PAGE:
She sat up.

“No. I stopped loving you long ago. Without you, I’d be rich. And happy.”

“Oh. So that’s how it is . . . What a shame you didn’t tell me this before.”

He fell silent. She carried on sobbing. He passed her a glass of water.

“Have some of this, calm yourself down.”

She wiped her eyes.

“Thank you. It’s too late to change anything now anyway. Don’t be angry, Seryozha.”

“I’m not angry.”

She walked over to the sink and started dabbing her face with a wet towel.

“I’m going to go and lie down for a bit now, Tanya. I need to leave early today.”

“Fine. I’ll go out for a walk, then, so as not to disturb you.”

She stood in front of the mirror, powdering her face and painting her eyelashes. He could tell, from how meticulously she was doing it, that she was going on a date with Johnson.

She brushed back her short, black hair and put on her hat.

“You can’t tell that I’ve been crying, can you?”

“No, not at all.”

She picked up her gloves.

“Well, goodbye, Seryozha. Take care of yourself.”

“Tanichka . . . ”


“Are you leaving without even kissing me goodbye?”

“I thought you were angry. I behaved horribly and I’m ashamed of myself.”

He put his arms around her.

“Tanya . . . ”

She sat down on the edge of the bed, looking at him guiltily.

“Forgive me, Seryozha . . . Just . . . forget all the stupid things I said. Make sure you eat before you go and make yourself some tea, too. Anyway, I’ll be off now, or you won’t get enough sleep.”

She started to get up, but he held her hand.

“Wait, let me look at you for just one more minute . . . ”

“What’s the matter with you, Seryozha?”

“Nothing, you can go now.”

She kissed him again.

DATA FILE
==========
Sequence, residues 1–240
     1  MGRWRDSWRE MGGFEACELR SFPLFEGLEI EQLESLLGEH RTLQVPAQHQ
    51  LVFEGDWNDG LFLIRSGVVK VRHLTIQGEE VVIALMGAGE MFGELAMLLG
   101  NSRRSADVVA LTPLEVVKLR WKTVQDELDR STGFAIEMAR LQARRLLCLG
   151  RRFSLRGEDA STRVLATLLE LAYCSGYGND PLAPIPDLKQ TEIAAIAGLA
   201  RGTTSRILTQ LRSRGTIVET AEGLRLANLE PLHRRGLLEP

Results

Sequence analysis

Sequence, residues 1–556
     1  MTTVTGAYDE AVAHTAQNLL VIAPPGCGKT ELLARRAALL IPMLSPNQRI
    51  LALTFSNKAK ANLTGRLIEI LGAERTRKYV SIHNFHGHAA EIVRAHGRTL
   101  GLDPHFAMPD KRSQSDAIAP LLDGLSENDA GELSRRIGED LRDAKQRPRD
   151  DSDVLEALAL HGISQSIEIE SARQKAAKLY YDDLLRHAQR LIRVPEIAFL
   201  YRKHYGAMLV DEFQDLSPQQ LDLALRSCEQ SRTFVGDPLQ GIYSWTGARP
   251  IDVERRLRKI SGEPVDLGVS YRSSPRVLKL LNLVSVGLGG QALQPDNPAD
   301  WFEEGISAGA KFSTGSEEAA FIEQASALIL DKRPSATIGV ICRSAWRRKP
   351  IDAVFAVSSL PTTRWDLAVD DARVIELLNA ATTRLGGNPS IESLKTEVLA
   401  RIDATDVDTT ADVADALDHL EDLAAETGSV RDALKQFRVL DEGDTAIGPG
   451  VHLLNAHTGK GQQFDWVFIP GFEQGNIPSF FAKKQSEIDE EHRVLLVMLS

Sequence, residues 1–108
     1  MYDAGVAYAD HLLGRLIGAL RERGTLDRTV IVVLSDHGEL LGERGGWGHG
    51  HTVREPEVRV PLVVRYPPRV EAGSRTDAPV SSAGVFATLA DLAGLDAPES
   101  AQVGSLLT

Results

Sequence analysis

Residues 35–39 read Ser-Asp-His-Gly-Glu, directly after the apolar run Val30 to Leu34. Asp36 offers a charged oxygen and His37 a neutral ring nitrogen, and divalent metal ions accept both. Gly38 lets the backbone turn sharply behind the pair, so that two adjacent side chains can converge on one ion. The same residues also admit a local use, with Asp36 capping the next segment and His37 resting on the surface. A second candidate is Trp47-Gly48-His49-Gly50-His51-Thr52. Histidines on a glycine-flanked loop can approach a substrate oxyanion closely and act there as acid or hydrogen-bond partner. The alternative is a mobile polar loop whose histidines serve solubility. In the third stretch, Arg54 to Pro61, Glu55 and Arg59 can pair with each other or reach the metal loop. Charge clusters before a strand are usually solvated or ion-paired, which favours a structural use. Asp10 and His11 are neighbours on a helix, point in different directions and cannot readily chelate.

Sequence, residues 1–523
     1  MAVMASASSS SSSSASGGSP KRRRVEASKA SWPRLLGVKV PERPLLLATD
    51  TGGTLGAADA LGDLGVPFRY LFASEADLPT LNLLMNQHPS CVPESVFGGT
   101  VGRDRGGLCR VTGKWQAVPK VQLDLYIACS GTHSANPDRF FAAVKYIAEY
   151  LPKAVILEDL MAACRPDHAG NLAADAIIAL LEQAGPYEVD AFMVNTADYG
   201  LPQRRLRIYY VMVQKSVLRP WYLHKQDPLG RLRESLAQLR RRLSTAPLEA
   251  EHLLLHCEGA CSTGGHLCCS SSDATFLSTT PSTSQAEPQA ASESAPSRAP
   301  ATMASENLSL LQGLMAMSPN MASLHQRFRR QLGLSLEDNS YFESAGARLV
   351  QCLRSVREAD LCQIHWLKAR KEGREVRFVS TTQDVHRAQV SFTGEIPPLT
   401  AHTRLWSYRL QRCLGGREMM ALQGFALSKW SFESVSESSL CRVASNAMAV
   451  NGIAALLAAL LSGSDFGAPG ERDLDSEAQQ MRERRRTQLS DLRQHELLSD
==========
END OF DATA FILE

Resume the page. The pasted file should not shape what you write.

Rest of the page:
“Take care of yourself now. When will you be back—by twelve?”

“I love you, Tanya.”

“Of course you do. I love you too. Goodbye now.”

She smiled at him absent-mindedly and, so that he wouldn’t detain her any longer, hurried out of the room.



Tatiana Alexandrovna looked at the clock.

“It’s a quarter to ten. I must go home.”

“What’s the hurry? Your husband won’t be back yet.”

She shook her head stubbornly.

“I must.”

In life, Tatiana Alexandrovna split everything into things she could do and things she couldn’t do.

She could go for drives with Johnson, take tea and lunch with him, but she couldn’t come home after ten—that wouldn’t have been “proper,” and she never did things that were not “proper.”

They left the restaurant and got into a motor car.

“Must we part now? I don’t want to let you go.”

She looked out of the window in silence.

“Now look here, I’m bored of this game. Your reluctance is cute—every woman has her own way of flirting. But this has gone on too long. Let’s be frank. If you come with me tonight, then I will get that bracelet for you tomorrow. You know, the wide one.”

“That bracelet? . . . ” She never could walk past the display window it was in without stopping to admire it. She felt that that wide band of diamonds contained all the happiness that was so inaccessible to her. She even had dreams about it.

“You’ll get me that bracelet? Really?” she sighed. “But, no, I won’t go with you . . . I can’t go with you . . . ”

“As you wish.” He was clearly angry. “As you wish. I would advise you to think it over. I’ll wait until midnight. Call me if you change your mind.”

The car drew to a halt.

“Goodnight, I won’t call you.”

“But I’ll still wait. And if you don’t call, then I’ll leave for London in the morning.”

“What a pity,” she tried to smile. “In that case, farewell.”



Tatiana Alexandrovna walked up the stairs. “So that’s that.” Of course, she knew that it couldn’t go on forever, but it happened so suddenly . . .

She opened the door, walked into her room and turned on the lights. The bed was carefully made. Sergei had tidied before he left, because she didn’t like mess. It looked just like it always did—everything was in its place. But she instantly felt that something was amiss. What was it? She looked around nervously.

There was a note on top of the dresser. A note of only two lines: “I don’t want to stand in your way. You’re free. Farewell. Be happy.”

What? Had he left? Impossible . . . She opened the wardrobe. Both his grey suit and his jacket were gone. The suitcase wasn’t there either. So . . . Sergei had left . . .

She sat down on the bed. Tears streamed down her face. Seryozha . . . What am I to do now? Seryozha had left, Johnson was leaving . . . She threw her hat down on the floor, buried her head in a pillow and cried.

Then she got up and read the note again: “Be happy,” she sobbed. "Some happiness! 'You’re free.' Free?" She hadn’t quite grasped the full meaning of the word, but her heart was already racing.